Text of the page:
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Pressure is on as Westminster considers water tank project

Neighbors ask for more time to review plans as city moves toward replacement


Two new replacement water tanks atop Gregory Hill will keep water flowing to homes in the higher-elevation, lower-water-pressure parts of the city, according to Westminster Utilities Engineering Manager Stephen Grooters.

“These tanks, the city has very much gotten their money’s worth out of them,” Grooters said of the existing tanks. “Our customers have gotten their money’s worth out of them, but it is very much time to replace them.”

But Gregory Hill neighbors who’ve lived with the current tanks since before their homes were built say they don’t understand why the city is in such a hurry.

“We only found about this in a letter on June 21,” said neighbor Charlie Ragsdale. “It looks like they’ve done this all in secret and didn’t bother to tell any of us about it until it was too far along for us to stop it. They’ve told us they want to start moving dirt up there in August, and the first we heard about it was June 21.”

Due for replacement

Grooters said the two tanks, each holding about two million gallons of water, are due to be replaced. The easternmost tank, at about 82nd and Osceola Street, came online in 1954 — its neighbor to the west in 1960.

They were by themselves when first built, but are now surrounded by homes to the south. That fact, and how close the two tanks are to each other, makes maintaining them difficult, he said.

“We don’t have any active leaks and they are in active use even as we speak,” Grooters said. “But it’s our intention to be proactive when it comes to critical infrastructure like this.”

The new tanks would be larger — each would hold about one million gallons of water more and would be nearly twice as tall as the existing tanks. In addition, the city would build a small pumping station to the east. The entire complex would move about 200 feet to the northeast, effectively moving from the dead-end at Osceola Street to the dead-end at Newton Street.


Plans also call for replacing the network of pipes connecting the tanks to the rest of Westminster’s water system. The ultimate goal is to maintain and improve water service to zone three, the area roughly between 80th and 104th avenues and Federal Boulevard east to U.S. 36.

“Because of their age, the tank replacement project is part an ongoing program to address potable water storage infrastructure,” Grooters said. “By bundling them together, we not only streamline costs we also address impacts to our customers.”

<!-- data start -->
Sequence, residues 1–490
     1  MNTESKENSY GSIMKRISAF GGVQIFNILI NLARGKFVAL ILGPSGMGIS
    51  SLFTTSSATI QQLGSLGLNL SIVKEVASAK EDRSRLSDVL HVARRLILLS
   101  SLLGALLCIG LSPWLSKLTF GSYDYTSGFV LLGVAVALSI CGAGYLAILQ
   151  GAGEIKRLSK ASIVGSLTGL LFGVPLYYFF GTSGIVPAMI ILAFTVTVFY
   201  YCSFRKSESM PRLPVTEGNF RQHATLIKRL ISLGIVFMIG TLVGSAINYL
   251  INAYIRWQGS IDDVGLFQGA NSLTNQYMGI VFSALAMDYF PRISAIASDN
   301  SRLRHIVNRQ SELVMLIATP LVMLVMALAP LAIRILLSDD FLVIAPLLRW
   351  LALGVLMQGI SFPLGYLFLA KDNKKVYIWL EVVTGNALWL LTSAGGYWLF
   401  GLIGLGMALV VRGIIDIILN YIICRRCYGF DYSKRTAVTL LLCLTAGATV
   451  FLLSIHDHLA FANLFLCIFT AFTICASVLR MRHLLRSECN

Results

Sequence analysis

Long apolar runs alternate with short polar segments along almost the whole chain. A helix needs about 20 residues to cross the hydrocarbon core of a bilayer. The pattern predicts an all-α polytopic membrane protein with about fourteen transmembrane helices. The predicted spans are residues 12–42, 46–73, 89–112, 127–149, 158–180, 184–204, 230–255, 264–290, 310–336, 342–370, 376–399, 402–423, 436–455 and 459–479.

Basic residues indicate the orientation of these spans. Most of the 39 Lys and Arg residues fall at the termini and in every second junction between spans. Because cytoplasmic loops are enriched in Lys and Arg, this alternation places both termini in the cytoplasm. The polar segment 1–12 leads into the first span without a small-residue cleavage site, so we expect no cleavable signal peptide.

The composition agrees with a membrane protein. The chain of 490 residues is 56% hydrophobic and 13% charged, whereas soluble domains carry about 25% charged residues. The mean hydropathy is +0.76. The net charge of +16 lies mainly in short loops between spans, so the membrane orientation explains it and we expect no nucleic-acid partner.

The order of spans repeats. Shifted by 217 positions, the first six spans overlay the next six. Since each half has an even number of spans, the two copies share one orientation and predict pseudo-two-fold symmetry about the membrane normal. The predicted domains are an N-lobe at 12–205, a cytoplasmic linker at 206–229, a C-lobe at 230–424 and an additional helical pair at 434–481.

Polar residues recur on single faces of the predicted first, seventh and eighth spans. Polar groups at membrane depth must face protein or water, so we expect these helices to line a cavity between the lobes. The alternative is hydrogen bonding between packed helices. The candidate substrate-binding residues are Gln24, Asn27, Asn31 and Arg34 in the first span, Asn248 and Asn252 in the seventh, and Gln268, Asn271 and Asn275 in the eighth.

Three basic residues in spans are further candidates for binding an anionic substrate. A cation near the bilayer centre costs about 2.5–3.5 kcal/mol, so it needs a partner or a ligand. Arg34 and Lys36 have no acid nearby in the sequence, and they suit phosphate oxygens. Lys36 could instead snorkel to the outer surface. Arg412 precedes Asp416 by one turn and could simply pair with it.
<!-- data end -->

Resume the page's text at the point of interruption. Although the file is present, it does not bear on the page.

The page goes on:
The overall zone three project is budgeted for about $40 million overall, he said. The Gregory Hill portion accounts for about $15 million of that.

Once Gregory Hill is finished, Grooters said plans call for replacing the elevated water tower that was located behind Sunset Ridge Elementary School. That tower was removed last summer.

“We’re not looking in that same location,” he said. “We are looking at replacing it in the vicinity of the hydro-pillar by 97th and and Federal. Both are big components of pressure zone three.”

Grooters said the city has received seven bids from contractors to complete the estimated $15 million Gregory Hill work. Grooters said his staff began reviewing the bids on June 29 and was scheduled to update city councilors at a July 10 study session.

If councilors can approve the project later this month, Grooters said he’d like to see work on the estimated 18-month-long begin in mid-August.

“When it comes to critical infrastructure like this, we absolutely cannot wait for an emergency,” Grooters said. “We’ve done routine inspections on these tanks, with staff dedicated to maintenance on a monthly and daily schedule. And we’ve had structural engineering studies done on these tanks in the past few years, looking at options to rehabiliate the tanks and extend their useful life. We’ve looked at the cost of repairs versus the cost of replacement. And it’s important now to replace them.”

But Gregory Hill neighbors said there should be more time to review the project and to consider alternatives.

“We really haven’t gotten any info from them,” neighbor Tenny Lindholm said. “We’ve asked and asked and nothing really has happened. We just want some give and take on the situation. They’ve had this thing in the works for two years, that’s what we understand. So why is this the first time we’ve heard about it?”


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